If you can find the time, I recommend taking introductory design classes or working alongside your design team to see what you can pick up. Any skills you’re able develop in this regard as a writer will be helpful as we forge ahead into the era of content saturation and shortening attention spans.

Speaking of captivating visual imagery, there may be no more important platform to add some of that wow-factor than on social media. But you have to select the right visual content for the right platform. Learn best practices for choosing effective social media visuals.

The post Design for Dummies: 5 Tips to Liven Up Your Written Marketing Content appeared first on Online Marketing Blog – TopRank®.

Digital Marketing News: Rewarded Ads, Google’s Podcast Push, SEO’s B2B Power, & YouTube’s Ratio Refinements

2018August3MMAOpenXStudy

Industry Group Finds Consumers Love ‘Rewarded’ Ads: Marketers, Less So

A new collaborative study by the Mobile Marketing Association (MMA), OpenX, and MediaMath looks at view-and-reward advertising, rewarded opt-in ad types, and what they may mean for digital marketers going forward. MediaPost

Google Has A Podcast App, But Does It Have A Podcasting Strategy?

Google is expected to increase the prominence of podcasts in all search results, expanding on limited tests it’s done with Android and Google Assistant SERPs. Forbes

Huge chunk of young people believe advertising does not welcome diversity

New survey data examines inclusion and diversity in advertising, and how far the industry may still have to go. Campaign US

LinkedIn overhauls Campaign Manager for marketers managing high-volume accounts

LinkedIn (client) will soon be rolling out a redesigned user interface allowing custom layouts for the most-used metrics, an interface-wide speed boost, and numerous other new Campaign Manager features. Marketing Land

Snapchat ‘Storytellers’ finally pairs creators with advertisers

A new pilot program from Snapchat is looking to court influencers and bring together creators and brands, the latest in a series of moves aimed at bringing Snap greater mainstream adoption. TechCrunch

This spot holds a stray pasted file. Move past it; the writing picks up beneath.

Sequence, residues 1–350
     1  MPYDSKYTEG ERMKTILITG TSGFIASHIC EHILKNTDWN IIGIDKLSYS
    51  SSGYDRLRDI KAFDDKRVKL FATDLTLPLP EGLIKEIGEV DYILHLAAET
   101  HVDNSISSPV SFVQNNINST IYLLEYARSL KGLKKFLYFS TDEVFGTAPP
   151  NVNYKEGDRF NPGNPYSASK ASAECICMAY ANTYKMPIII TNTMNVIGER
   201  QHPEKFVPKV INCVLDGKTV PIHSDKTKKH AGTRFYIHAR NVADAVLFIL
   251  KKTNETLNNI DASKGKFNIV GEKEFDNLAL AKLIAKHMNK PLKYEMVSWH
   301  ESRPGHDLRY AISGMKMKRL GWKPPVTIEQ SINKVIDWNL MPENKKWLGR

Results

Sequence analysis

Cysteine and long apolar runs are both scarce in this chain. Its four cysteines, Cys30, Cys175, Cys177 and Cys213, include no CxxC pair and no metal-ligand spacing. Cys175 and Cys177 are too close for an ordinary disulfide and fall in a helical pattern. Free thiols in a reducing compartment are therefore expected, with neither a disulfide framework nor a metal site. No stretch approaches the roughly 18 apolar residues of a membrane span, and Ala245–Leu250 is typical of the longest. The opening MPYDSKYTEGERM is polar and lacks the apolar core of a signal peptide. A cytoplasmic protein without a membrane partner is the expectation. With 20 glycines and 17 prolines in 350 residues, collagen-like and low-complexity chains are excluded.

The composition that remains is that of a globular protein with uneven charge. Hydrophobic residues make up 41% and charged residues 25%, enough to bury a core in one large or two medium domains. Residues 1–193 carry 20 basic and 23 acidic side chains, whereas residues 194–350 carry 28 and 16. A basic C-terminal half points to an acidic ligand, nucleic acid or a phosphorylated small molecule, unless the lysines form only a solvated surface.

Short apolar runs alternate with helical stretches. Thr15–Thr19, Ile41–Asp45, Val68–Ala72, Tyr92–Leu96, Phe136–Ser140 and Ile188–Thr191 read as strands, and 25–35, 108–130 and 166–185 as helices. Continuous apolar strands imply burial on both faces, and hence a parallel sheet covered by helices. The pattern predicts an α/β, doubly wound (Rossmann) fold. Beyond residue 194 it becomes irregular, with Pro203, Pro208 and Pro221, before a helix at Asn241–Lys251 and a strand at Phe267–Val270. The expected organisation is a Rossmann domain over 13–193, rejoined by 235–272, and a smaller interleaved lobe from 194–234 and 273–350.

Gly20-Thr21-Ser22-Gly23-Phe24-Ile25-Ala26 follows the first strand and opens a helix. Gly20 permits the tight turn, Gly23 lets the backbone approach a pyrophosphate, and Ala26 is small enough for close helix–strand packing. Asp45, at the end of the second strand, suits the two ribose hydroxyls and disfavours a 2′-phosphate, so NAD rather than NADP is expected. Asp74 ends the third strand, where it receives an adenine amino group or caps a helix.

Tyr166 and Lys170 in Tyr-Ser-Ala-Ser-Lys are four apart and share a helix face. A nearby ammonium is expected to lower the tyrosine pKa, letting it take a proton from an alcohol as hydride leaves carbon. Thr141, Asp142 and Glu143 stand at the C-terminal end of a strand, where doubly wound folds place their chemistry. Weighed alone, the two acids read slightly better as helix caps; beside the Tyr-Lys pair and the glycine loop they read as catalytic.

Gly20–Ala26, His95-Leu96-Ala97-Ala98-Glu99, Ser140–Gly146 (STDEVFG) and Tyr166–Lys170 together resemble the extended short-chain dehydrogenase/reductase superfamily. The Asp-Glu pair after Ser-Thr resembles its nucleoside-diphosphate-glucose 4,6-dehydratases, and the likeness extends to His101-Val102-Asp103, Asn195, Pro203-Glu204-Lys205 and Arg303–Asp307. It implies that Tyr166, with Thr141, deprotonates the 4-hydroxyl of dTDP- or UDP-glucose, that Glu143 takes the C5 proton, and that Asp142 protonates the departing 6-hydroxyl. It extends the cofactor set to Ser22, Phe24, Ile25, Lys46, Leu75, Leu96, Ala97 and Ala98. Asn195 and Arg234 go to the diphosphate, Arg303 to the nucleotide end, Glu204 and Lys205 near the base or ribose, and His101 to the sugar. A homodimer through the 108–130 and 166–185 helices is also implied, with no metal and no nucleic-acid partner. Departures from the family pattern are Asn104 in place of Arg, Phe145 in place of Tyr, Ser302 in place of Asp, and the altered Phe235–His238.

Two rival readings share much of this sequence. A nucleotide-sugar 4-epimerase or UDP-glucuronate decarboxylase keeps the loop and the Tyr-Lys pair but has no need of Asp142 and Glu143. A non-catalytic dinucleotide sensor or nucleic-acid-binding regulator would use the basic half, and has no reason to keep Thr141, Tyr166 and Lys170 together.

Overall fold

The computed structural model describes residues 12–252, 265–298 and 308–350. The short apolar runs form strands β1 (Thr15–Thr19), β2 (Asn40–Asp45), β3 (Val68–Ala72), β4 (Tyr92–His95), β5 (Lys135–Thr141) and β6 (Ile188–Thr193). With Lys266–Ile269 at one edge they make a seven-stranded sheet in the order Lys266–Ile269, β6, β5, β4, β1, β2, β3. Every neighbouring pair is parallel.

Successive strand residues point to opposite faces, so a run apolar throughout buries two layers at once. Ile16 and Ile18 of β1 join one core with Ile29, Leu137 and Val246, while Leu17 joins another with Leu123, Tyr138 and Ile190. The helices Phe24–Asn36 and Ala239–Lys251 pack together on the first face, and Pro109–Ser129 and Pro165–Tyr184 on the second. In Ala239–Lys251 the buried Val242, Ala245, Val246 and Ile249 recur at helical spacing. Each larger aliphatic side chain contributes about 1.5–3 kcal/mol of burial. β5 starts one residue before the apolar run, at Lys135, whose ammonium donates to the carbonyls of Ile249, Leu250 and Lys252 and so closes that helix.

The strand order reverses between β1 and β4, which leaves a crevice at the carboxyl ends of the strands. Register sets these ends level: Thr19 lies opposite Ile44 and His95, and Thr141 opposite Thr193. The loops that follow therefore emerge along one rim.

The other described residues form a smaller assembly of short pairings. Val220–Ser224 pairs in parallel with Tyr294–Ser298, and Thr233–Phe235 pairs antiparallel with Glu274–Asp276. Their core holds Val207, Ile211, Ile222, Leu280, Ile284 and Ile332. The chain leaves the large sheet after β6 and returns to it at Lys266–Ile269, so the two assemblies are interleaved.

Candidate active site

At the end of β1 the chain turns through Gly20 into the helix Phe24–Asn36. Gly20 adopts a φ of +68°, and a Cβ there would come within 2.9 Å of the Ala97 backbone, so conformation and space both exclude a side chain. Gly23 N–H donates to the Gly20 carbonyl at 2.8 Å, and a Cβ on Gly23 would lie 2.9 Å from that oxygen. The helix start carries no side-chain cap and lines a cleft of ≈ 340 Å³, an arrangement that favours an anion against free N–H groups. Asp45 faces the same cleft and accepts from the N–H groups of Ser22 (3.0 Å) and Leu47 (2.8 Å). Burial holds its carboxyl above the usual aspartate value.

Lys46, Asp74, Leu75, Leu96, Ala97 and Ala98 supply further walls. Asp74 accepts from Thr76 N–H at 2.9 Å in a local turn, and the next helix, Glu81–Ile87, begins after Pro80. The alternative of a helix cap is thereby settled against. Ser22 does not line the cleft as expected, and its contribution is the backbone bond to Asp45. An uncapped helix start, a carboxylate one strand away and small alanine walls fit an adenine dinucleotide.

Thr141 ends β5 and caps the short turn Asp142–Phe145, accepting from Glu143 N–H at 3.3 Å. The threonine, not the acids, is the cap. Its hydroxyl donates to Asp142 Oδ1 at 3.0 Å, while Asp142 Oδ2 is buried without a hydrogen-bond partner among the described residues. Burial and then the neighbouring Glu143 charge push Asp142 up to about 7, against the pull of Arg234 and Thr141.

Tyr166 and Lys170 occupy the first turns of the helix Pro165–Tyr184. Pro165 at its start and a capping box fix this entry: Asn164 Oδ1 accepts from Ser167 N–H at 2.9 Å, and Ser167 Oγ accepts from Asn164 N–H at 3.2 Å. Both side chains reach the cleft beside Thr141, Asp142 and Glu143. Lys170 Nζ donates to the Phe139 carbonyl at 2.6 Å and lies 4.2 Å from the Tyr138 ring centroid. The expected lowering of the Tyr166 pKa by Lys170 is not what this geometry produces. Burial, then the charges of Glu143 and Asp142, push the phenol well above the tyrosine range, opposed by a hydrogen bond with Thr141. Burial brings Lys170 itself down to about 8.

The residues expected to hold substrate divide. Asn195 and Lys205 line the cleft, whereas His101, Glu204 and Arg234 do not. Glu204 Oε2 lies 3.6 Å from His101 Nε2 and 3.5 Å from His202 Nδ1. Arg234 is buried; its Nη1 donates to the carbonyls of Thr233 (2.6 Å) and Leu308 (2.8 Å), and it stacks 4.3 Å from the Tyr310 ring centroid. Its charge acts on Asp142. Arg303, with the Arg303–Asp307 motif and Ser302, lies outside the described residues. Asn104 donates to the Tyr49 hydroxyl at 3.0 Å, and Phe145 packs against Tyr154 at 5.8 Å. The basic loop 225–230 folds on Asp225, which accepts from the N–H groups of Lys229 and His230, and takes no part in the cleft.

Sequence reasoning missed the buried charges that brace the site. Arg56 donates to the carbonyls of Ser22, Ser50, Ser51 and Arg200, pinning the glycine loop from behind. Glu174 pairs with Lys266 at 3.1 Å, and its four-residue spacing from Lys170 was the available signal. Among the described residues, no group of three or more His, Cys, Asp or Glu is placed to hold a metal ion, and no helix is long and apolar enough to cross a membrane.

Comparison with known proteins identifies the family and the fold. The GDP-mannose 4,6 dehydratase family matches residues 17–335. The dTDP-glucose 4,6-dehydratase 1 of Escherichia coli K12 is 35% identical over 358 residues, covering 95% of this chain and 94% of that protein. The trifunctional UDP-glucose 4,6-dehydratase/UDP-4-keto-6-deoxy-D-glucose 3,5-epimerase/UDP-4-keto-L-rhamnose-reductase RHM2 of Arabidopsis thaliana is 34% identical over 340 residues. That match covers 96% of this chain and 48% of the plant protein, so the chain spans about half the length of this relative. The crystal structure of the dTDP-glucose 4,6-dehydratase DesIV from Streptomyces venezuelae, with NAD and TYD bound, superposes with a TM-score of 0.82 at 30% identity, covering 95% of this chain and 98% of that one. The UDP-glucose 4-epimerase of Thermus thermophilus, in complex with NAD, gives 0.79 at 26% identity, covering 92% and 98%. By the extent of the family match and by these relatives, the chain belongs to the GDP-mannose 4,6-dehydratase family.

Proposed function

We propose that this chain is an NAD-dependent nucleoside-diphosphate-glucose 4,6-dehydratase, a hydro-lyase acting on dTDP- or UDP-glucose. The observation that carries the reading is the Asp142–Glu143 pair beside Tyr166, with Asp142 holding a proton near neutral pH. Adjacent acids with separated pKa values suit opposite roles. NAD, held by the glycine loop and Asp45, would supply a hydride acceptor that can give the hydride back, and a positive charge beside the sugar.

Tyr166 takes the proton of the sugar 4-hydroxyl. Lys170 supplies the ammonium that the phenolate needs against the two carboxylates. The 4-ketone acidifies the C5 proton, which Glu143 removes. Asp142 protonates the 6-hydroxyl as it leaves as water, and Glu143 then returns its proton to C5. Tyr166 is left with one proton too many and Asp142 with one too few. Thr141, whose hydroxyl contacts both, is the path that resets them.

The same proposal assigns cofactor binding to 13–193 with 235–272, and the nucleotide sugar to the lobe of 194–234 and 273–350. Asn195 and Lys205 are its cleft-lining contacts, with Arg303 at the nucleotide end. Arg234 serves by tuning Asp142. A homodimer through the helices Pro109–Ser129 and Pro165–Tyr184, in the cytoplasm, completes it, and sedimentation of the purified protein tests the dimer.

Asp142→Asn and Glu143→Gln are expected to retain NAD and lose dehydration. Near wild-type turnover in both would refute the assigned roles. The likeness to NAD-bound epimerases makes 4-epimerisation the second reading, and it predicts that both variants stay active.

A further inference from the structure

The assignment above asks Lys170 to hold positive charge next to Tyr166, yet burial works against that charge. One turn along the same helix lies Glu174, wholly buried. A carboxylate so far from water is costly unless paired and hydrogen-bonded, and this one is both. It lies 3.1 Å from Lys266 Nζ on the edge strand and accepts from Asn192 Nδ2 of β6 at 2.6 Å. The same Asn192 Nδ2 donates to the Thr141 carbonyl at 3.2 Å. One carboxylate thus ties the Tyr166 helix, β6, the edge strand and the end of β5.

SEO Crucial for B2B Content Marketing Success: Survey

Search, social, and websites are all ahead of e-mail for initial B2B discoveries, according to results of new study research. Chief Marketer

2018August3StatisticsImage

Apple Maps takes a step in the right direction

With Apple Maps getting a substantial overhaul, can businesses afford to skip marketing on the expanding map service? Search Engine Land

For Better or Worse, YouTube Now Adapts to Multiple Aspect Ratios

YouTube has changed the way it displays videos shot in formats other than the 16:9 ratio. How will the change affect marketers? Gizmodo

Google Marketing Cloud Gets a New Enriching Destination for Content and Analytics

Google has unveiled Marketing Cloud, as DoubleClick, Google Analytics, partnership programs and more are now combined. MarTech Series

As Facebook user and revenue growth slows in Q2, advertisers are still on board

Unphased by recent struggles, advertisers on Facebook continue to spend more than ever. Marketing Land

ON THE LIGHTER SIDE:

Marketoonist Tom Fishburne Digital Ads Cartoon

A lighthearted look at the future of digital advertising by Marketoonist Tom Fishburne – Marketoonist

The Commodore 64 Mini review – TechRadar

Can you tell a fake laugh from real? – University of California Newsroom

TOPRANK MARKETING & CLIENTS IN THE NEWS:

  • Lee Odden – Natural Language Generation: The Future of Content Management – Fit Small Business
  • Nicole Blake – Intern Spotlight on Nicole Blake: Who She Is, What She’s Learning, and How She Sees the Marketing Industry – TopRank Marketing
  • Lee Odden – Express Writers: Top 100 Content Marketers (2018 Report) – Express Writers
  • Lee Odden – Shane Barker: 56 Influencers Share Their Biggest Mistakes and How to Avoid Them – Shane Barker
  • Lee Odden – Nimble: The Do’s And Don’ts of Winning Influencer Marketing Campaigns (+Infographic) – Nimble

What are some of your top influencer marketing news items for this week?

Thanks for reading, and we hope you’ll return next week for the latest digital marketing news, and in the meantime you can follow us at @toprank on Twitter for even more timely daily news. Also, don’t miss the full video summary on our TopRank Marketing TV YouTube Channel.